Following a vote by the three founding members of the Allman Brothers, longtime guitarist Dickie Betts, the other living founder, was informed by fax in May 2000 of his firing from the band. The reason for his sudden ouster, according to band members, was his erratic playing on recent concert dates. Betts had been laid off from the band once before, in 1994, due to drug and alcohol treatment. Deeply depressed over this last firing and the lack of communication with his former band mates, Betts turned erratic in his behavior and he was checked into a clinic for psychiatric evaluation shortly after. Weeks later, he filed suit against the Allman Brothers over issues regarding his termination, steadfastly claiming that drugs were not the issue. That fall he was arrested and jailed for spousal battery. Although the firing was first thought to be only temporary, there is no indication that Betts will return to the Allman Brothers. The following year Betts recorded Let's Get Together (2001), his first solo album in thirteen years.
More changes occurred in 1997 as Haynes and Woody amicably left to concentrate on Government Mule. The Allman Brothers continued to tour with guitarist Jack Pearson (who replaced Haynes) and released another live album, a tribute to the Beacon Theatre called Peakin' at the Beacon (2000). It mostly contains selections from their Live at the Fillmore East glory days, but is notable for featuring the first appearance of nineteen-year-old guitar whiz Derek Trucks. A nephew to drummer Butch Trucks, the younger Trucks amazed the audience with his bottleneck slide playing and his likeness to Duane Allman. Peakin' at the Beacon turned out to be Betts's final recording appearance as he was unceremoniously given a termination notice shortly after the record's release.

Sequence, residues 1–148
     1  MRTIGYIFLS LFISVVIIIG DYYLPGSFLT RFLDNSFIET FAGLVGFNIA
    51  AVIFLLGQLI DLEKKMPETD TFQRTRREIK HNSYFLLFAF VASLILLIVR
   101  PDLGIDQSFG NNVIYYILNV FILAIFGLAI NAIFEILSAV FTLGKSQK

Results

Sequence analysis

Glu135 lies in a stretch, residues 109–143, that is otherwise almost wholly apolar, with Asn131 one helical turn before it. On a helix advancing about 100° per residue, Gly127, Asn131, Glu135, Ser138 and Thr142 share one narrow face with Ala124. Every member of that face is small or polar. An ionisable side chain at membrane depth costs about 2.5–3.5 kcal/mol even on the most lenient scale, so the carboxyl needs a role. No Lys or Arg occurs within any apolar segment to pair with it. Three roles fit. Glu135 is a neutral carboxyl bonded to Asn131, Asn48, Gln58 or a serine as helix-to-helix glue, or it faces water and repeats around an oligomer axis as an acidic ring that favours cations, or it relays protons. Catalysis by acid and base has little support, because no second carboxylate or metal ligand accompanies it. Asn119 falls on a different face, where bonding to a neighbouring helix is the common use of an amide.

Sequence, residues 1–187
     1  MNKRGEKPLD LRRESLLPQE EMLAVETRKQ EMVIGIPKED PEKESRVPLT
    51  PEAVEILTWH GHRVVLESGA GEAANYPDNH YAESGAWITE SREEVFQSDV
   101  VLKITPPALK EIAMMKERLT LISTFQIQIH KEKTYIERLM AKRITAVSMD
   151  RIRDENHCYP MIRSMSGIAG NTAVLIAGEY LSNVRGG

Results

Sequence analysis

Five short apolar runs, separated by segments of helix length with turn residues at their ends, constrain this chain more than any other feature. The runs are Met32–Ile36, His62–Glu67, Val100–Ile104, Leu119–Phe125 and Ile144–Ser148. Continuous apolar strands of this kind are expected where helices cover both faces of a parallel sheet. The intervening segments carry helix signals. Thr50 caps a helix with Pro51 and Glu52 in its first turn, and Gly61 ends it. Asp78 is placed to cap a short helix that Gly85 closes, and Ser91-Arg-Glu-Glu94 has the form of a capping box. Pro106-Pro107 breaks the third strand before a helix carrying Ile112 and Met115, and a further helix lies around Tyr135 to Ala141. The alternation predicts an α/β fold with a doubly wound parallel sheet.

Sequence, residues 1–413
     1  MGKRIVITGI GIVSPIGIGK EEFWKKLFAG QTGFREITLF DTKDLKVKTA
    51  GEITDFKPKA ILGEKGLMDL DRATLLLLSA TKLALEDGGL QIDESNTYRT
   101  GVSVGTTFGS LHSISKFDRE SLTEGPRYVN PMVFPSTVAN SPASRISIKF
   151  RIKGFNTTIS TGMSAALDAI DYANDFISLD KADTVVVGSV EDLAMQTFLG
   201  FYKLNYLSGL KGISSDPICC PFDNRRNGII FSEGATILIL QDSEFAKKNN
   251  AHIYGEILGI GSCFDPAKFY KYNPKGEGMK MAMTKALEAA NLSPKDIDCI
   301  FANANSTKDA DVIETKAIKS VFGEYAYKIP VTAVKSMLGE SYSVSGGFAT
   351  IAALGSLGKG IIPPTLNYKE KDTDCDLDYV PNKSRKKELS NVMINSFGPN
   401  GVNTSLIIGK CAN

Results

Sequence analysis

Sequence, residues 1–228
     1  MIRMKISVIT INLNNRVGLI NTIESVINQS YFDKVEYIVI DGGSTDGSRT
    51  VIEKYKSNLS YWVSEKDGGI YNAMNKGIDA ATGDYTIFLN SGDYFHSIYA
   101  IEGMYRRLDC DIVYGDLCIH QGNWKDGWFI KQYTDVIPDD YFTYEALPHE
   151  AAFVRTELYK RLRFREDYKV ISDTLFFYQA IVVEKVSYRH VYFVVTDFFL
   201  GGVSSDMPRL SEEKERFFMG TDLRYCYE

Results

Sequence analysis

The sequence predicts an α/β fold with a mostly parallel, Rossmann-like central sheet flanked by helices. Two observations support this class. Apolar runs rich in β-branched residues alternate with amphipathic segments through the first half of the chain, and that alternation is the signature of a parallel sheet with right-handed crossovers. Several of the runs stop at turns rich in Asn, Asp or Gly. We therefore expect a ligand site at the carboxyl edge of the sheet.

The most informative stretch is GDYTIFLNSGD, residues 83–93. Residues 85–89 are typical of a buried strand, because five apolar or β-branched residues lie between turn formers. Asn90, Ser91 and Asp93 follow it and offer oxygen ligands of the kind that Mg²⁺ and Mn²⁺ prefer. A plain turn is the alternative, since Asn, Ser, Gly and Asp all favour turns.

In conjunction with a ten-day stay in March 2003 at the Beacon Theatre, the Allman Brothers released their first new album of songs in nine years, titled Hittin' the Note (2003). The returning Haynes along with young Trucks share the guitar work.
Through four decades of making music, the Allman Brothers Band has faced constant comparison to a few celebrated years at their beginning. Whether the specter of that past has been help or hindrance to the band's musical life may never fully be understood. As members of the Allman Brothers stomped through the minefield of life in rock and roll, it is significant that they produced great music with every step.
The Allman Brothers Band (Polygram, 1969); Idlewild South (Polygram, 1970); Live at the Fillmore East (Polygram, 1971); Eat a Peach (Polygram, 1972); Brothers and Sisters (Polygram, 1973); Win, Lose, or Draw (Polygram, 1975); Wipe the Windows, Check the Oil, Dollar Gas (Polygram, 1976); Enlightened Rogues (Polygram, 1979); Reach for the Sky (Polygram, 1980); Seven Turns (Sony, 1990); Shades of Two Worlds (Sony, 1991); An Evening with the Allman Brothers (Sony, 1992); Where It All Begins (Sony, 1994); 2nd Set (Sony, 1995); Peakin' at the Beacon (Sony, 2000), Hittin' the Note (2003).
S. Freeman, Midnight Riders: The Story of the Allman Brothers Band (New York, 1996).